Airiness and light. These are the sartorial priorities when it comes to selecting the kind of menswear that's suitable for an Australian summer. It's also the focus of the latest collection to hit Australian stores by Italian menswear label Ermenegildo Zegna.
The line was first unveiled in Milan, against the striking backdrop of the Oscar Niemeyer-designed Palazzo Mondadori, timed to catch the liquid gold of the afternoon Lombard sun as it seeped down the building's façade. This setting of industrial enterprise, resonating with the ambient heat of a Milanese summer, created the perfect juxtaposition for a wardrobe designed for the contemporary man whose playground is the concrete landscape of a modern city.
Under the banner "Weightlessness", Zegna's Spring Summer '19 Couture XXX range is just that: an attempt to achieve lightness via the manipulation of garments through fit, graphics and experimentation of fabrics; the latter a personal passion of Zegna's Artistic Director Alessandro Sartori.
Thematically, the collection takes its cue from a sport motif. For the most part, this is achieved via subtle nuances or enhancements to each piece some statements are far more obvious. Such as a jacket and trouser printed with the figure of a tennis player (timed as it is to catch the announcement of Zegna's latest ambassador, young star Alexander Zverev).
Suede mesh tops, tailored, cuffed joggers teamed with bomber jackets, knitted shirts and garment-dyed kind-of-denim, blazers with trackpants that could be turned into shorts, leather visors, chunky sneakers and hybrid footwear – the collection is as much defined by its of-the-moment-contemporariness as it is by its glaring omission of any orthodox concept of a suit.
Delivered in muted tones of berry, yellows, and greens, and crafted with architectural precision tempered by oversized, looser fits – the timing of the line's arrival couldn't have been more serendipitous hot on the heels of our own questioning of the suit's relevance during increasingly hotter summers.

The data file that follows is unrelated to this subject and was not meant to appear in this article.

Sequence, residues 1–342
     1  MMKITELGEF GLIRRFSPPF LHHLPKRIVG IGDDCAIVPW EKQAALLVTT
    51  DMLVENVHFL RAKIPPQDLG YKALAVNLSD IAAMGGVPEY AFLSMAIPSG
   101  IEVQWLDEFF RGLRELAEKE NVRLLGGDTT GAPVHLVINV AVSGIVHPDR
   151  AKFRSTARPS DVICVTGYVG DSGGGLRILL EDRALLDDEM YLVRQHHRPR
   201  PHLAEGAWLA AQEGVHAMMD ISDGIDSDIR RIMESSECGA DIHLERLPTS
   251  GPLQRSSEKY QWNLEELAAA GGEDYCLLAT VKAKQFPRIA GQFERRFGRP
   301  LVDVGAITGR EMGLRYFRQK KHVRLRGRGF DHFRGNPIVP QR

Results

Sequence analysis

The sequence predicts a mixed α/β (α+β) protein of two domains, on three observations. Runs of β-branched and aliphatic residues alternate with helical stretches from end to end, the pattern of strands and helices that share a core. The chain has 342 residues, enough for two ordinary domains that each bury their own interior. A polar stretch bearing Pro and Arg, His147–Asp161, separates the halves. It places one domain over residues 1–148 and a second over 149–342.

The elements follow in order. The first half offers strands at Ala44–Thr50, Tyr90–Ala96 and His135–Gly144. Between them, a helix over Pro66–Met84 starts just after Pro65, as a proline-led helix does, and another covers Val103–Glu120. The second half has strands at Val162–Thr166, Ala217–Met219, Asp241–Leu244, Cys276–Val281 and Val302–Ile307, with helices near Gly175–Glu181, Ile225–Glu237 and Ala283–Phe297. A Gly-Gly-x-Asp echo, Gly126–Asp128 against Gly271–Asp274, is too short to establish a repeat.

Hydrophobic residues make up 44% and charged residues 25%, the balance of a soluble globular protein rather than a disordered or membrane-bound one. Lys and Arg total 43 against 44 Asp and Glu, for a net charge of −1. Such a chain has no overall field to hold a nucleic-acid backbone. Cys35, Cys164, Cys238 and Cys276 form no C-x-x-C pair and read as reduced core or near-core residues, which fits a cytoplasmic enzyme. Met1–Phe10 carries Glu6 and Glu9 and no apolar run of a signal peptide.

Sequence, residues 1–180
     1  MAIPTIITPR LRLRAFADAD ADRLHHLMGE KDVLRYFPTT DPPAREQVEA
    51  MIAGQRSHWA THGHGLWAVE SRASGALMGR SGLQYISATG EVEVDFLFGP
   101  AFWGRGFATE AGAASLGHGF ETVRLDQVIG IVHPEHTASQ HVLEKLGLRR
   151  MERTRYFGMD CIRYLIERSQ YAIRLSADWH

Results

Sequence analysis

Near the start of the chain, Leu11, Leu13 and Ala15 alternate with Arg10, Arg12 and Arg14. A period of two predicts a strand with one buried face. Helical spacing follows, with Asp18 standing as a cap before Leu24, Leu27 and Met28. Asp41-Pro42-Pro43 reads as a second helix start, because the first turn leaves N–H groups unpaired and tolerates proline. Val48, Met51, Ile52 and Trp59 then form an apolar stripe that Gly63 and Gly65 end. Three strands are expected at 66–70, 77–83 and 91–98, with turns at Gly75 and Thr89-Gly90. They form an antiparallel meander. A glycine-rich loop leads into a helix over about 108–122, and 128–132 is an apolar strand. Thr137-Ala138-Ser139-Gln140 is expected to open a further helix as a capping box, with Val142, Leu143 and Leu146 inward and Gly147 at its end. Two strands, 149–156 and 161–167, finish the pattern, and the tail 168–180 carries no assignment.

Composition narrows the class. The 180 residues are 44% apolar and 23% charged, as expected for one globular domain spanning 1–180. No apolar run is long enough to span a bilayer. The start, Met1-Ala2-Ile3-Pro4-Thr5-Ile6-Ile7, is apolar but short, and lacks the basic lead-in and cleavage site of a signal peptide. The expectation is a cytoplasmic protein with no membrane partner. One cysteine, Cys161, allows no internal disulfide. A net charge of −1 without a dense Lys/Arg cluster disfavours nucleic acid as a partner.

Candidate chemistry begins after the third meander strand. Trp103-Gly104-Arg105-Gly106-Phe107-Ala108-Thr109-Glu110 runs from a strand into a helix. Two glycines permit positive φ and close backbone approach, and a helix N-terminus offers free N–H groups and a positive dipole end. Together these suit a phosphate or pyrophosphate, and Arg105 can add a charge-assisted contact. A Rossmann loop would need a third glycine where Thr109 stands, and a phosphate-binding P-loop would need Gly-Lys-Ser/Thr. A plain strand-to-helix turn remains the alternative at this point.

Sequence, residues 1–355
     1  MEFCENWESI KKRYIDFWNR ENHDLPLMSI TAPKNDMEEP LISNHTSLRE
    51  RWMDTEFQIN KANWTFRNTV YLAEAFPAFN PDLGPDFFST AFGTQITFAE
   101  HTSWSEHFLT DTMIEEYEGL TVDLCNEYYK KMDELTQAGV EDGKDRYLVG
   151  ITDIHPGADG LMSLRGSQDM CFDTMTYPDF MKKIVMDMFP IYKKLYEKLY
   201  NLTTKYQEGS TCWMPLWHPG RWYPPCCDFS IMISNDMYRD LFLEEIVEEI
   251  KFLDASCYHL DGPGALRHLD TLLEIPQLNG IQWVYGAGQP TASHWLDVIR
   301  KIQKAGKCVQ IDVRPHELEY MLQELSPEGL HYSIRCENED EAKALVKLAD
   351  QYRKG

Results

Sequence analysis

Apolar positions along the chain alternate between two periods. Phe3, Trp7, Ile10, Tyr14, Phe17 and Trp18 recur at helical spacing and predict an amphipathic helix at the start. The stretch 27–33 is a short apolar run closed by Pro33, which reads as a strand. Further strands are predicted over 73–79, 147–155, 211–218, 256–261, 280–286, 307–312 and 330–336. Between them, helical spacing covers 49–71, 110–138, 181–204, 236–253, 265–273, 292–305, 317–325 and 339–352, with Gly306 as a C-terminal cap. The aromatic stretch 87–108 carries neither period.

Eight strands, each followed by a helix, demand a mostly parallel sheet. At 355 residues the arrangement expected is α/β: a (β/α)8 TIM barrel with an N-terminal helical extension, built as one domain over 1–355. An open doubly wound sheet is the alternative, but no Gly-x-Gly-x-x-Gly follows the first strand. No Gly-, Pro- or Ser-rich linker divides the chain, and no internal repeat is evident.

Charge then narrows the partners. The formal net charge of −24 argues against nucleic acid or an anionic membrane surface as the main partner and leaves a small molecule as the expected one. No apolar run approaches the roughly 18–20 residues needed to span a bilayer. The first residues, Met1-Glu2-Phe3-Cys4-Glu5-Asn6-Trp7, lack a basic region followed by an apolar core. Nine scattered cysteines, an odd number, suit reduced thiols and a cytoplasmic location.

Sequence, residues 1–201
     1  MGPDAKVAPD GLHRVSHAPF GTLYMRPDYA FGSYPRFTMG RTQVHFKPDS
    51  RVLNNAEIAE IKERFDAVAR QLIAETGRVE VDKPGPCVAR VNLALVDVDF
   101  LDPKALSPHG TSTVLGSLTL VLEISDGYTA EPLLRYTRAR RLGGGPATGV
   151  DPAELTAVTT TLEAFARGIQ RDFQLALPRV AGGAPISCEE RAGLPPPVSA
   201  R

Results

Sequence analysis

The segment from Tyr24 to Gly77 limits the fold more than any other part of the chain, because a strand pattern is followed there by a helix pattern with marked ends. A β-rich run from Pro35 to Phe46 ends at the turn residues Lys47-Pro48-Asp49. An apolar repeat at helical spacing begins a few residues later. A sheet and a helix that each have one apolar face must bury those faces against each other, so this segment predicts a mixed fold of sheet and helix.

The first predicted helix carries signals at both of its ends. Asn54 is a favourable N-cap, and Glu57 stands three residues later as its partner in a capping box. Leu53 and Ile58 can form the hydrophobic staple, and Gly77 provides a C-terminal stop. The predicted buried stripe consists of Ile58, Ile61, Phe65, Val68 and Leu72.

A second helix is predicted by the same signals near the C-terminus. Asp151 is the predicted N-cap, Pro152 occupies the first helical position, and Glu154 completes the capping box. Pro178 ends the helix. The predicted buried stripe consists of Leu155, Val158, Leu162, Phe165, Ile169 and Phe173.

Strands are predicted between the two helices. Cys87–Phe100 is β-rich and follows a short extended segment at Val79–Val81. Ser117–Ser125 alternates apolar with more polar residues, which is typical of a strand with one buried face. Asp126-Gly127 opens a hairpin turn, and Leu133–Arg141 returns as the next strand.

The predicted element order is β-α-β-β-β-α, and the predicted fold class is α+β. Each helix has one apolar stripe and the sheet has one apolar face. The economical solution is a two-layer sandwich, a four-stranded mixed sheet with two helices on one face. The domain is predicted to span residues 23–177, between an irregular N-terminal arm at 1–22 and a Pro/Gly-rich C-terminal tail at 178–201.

An idea of a suit
Australian men have become conditioned to believing that the suit looks a particular way – the jacket thus, the trousers like this, and it must include shirt and tie. However, the reality is becoming far more fluid as men embrace a broader idea of what menswear has to offer.
What was once the cornerstone of male fashion has evolved, as has the modern man, into something more hybrid and mutable. The solution, according to Zegna, was to redefine the day to day wardrobe into something that operates in multiple scenarios.
The details are there – in the form of a soft-structured jacket or blazer in degrade checks in colourscapes of yellow and grey or berry reds and pink. The trousers, too, in the same fabric and hues all made using a fascinatingly complex blanket-inspired weaving process.
Tweaked by small details inspired by athleisure's grip on fashion's landscape, Zegna's spring summer offering to menswear is to something that sits in both luxury and leisure's realms. A sharp reminder that these two concepts need not be mutually exclusive.
Warp and weft
Sustainable materials are given centre stage in Sartori's world too – merino wool, linen, cotton, century cashmere with waterproof membranes and textured Tussah silk produced by the Lanificio Zegna using yarns obtained from natural sources. It's clear that comfort and durability lie at the core of the collection. But there's scope for play as well, as is befitting for a line of clothes that come under the couture banner.
This message was carried further with the styling of the show, done by Sartori himself, emphasised by the deliberate mixing of patterns and fabrics. What could have been a singular colourway or pattern with jacket and trouser was instead broken down and used separately – the blazer with an opposing check-pattern trouser or even cargo pant – deliberately highlighting the nature of each piece while giving the gents at large a lesson on sartorial fusion through fission.
Obviously, there are no plans for Zegna's more traditional suiting is still going to a core part of the brand's identity. But what Sartori has done with the Couture XXX line is expand on the visual semantics and make room for a more progressive version of what tailoring could be. Which at this point in time meshes sport and luxury in a way that embodies both, is beholden to neither.
So for men who are struggling within the confines of the standard suit's silhouette, but have the need for a wardrobe that fits the kind of schedule that takes you from office to evening, the answer is here.
Check out the gallery above to see the full collection of Zegna's Spring Summer '19 Couture XXX.
The writer travelled to Milan as a guest of Zegna.